Sunday, May 8, 2011

Eight Bits of Baseball Fun: RBI Baseball

I realized recently that one of my most prized possessions is a mint condition eight-bit Nintendo Entertainment System. It's in mint condition because my brothers and I have always taken good care of our stuff, and it's a prized possession because sometimes you just get the urge to play a video game that has only two main buttons and a directional pad.

There's something magnificent about the fact that I got in on the ground floor of the Nintendo revolution and that the same small gray box that brought me so much joy throughout the 1980s is still alive and kicking, giving me the (Nintendo) power to face Piston Honda in the Punch Out ring, smash Koopa Troopas with Super Mario and hit a home run with George Brett.

That last example is the one that brings me back to my eight-bit roots most frequently: the original RBI Baseball. In a world of baseball video games that offer photo-realistic stadiums and computer-generated players who share the same facial expressions and superstitious tics as their real-life counterparts, I still crave the simplicity of this 1987 classic. The players don't really even have faces.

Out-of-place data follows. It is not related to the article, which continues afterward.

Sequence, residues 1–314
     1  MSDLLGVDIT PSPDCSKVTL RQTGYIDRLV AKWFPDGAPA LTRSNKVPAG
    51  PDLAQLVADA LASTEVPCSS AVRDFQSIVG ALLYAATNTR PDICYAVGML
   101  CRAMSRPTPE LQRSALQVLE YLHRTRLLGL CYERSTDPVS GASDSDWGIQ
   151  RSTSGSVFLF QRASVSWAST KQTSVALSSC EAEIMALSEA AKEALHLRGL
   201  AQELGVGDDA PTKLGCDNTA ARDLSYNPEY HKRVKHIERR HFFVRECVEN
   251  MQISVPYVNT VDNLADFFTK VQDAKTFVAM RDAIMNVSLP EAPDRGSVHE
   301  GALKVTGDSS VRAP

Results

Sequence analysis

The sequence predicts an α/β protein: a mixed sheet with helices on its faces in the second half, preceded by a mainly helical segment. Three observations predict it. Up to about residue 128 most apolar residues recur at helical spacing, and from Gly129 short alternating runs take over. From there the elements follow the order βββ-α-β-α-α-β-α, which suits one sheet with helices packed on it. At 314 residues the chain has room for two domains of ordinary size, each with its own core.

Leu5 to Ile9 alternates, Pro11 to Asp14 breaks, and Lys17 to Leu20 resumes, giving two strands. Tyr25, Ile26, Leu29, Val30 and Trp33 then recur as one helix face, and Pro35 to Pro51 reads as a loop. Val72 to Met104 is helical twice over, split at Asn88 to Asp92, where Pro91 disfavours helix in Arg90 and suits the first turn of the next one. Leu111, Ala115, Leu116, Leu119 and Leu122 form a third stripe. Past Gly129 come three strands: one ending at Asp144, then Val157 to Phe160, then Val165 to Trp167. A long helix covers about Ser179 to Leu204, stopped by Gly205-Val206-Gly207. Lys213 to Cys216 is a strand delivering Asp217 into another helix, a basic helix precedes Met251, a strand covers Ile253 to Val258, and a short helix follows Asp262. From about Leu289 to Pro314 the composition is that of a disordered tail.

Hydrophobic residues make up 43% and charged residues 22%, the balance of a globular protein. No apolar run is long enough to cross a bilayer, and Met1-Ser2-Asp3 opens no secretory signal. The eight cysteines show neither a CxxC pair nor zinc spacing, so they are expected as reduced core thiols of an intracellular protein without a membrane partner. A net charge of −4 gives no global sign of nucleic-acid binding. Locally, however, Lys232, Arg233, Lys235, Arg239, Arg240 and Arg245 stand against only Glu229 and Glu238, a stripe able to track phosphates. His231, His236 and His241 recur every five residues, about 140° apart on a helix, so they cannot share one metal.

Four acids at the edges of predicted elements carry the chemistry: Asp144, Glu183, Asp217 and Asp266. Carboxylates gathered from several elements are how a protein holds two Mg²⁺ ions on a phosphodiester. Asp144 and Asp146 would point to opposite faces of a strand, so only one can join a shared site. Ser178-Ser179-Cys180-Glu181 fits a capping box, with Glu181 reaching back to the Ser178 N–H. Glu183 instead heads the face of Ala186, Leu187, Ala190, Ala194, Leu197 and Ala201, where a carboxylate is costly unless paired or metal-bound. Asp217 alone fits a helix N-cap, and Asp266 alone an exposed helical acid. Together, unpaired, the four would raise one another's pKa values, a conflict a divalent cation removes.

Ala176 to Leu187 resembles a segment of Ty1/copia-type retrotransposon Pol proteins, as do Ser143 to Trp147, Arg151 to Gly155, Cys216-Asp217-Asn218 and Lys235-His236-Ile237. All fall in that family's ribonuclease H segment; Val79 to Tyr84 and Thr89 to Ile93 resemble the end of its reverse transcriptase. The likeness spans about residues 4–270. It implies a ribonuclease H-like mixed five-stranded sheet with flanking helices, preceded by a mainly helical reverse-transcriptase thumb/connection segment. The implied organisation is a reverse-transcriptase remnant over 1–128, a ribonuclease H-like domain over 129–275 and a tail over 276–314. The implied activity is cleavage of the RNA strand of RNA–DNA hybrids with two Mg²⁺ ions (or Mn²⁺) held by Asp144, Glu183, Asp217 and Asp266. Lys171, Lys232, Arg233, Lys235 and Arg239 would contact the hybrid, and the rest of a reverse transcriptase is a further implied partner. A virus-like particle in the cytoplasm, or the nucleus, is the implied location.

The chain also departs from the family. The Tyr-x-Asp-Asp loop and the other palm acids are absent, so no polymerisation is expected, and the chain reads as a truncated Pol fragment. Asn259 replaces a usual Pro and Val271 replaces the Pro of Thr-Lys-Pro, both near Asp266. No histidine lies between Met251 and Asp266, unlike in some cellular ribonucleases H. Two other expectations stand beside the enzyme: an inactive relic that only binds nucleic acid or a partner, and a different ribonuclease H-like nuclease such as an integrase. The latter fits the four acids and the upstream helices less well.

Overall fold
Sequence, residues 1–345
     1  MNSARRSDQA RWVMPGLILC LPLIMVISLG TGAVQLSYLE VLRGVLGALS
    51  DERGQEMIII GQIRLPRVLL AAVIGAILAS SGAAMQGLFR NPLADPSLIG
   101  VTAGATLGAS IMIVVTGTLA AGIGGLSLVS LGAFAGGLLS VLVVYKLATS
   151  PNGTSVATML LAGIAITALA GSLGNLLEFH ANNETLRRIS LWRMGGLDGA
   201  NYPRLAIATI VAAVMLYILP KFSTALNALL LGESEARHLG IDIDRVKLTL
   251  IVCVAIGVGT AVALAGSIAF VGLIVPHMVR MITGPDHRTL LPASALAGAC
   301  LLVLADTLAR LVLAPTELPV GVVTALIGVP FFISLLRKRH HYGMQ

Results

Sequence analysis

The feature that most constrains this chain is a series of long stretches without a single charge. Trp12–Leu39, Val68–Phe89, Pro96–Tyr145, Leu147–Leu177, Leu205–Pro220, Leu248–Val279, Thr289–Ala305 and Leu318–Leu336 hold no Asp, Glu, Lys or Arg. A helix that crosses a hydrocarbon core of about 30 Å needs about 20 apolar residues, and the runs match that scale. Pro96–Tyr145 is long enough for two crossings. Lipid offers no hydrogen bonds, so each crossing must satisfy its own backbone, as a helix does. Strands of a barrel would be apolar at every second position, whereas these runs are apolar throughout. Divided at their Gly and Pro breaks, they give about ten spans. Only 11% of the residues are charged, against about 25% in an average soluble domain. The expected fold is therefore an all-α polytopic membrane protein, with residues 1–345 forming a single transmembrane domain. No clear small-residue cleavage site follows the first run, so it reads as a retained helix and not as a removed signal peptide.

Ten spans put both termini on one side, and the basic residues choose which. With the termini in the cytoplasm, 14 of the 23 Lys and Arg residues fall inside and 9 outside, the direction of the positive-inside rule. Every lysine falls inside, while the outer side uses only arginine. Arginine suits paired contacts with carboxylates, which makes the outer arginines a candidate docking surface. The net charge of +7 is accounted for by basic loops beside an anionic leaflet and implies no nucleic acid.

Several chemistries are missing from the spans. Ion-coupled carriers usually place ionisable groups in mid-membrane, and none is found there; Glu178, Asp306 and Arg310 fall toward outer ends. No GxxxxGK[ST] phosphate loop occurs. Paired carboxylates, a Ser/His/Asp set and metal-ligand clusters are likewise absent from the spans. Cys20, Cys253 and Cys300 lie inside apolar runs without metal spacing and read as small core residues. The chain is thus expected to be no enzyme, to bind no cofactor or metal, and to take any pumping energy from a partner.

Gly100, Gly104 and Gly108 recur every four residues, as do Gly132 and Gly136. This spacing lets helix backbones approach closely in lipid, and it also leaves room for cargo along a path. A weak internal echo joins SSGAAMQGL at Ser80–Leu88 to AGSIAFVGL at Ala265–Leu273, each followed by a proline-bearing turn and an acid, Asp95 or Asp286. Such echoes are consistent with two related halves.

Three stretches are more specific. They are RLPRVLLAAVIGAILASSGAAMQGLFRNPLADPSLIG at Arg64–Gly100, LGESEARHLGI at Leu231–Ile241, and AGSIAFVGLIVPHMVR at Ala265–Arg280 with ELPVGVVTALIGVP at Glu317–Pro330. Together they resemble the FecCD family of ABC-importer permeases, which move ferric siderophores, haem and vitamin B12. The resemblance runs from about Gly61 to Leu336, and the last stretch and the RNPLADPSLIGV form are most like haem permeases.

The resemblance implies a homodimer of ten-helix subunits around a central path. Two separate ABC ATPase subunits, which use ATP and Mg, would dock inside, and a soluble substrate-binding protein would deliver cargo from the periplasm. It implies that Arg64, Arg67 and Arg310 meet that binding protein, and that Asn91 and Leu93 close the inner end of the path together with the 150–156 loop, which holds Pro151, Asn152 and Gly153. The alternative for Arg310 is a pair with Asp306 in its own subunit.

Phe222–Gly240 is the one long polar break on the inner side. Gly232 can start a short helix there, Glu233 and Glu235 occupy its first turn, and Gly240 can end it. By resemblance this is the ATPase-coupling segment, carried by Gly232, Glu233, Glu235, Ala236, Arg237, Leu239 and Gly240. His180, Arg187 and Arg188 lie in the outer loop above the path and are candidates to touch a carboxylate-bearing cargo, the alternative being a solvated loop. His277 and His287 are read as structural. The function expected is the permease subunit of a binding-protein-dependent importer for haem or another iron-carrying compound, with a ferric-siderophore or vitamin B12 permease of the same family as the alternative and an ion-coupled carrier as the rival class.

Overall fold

Aside from the nostalgia of using players who are now already inducted in or eligible for the Baseball Hall of Fame, the controls are surprisingly nimble and a deft tap of the directional pad can yield a knee-buckling strike. The ability to steal a base with the push of a button always resulted in a devilish game of cat and mouse that allowed my brother and I to play out our sibling rivalry between the foul lines. The game also features a style of defense usually reserved for t-ball teams: When you move your left fielder to go after a ball down the third base line, your entire team moves in that direction along with him. Give me the simple life.

Adding to the nostalgia factor is RBI Baseball's MIDI soundtrack that is permanently etched on my soul. I just found a website that has all the game's greatest hits, including such favorites as "introductory game music," "game music with runners on base" and my personal favorite, the immortal "game music with empty bases." That one even has a techno remix. I think I just found myself a new ringtone.

Some people need their MTV, but I need my NES. If it ever dies of natural causes, I will not only bury it in the backyard, but also immediately hop on eBay to find a replacement. How else is Rick Sutcliffe going to throw a no-hitter these days?

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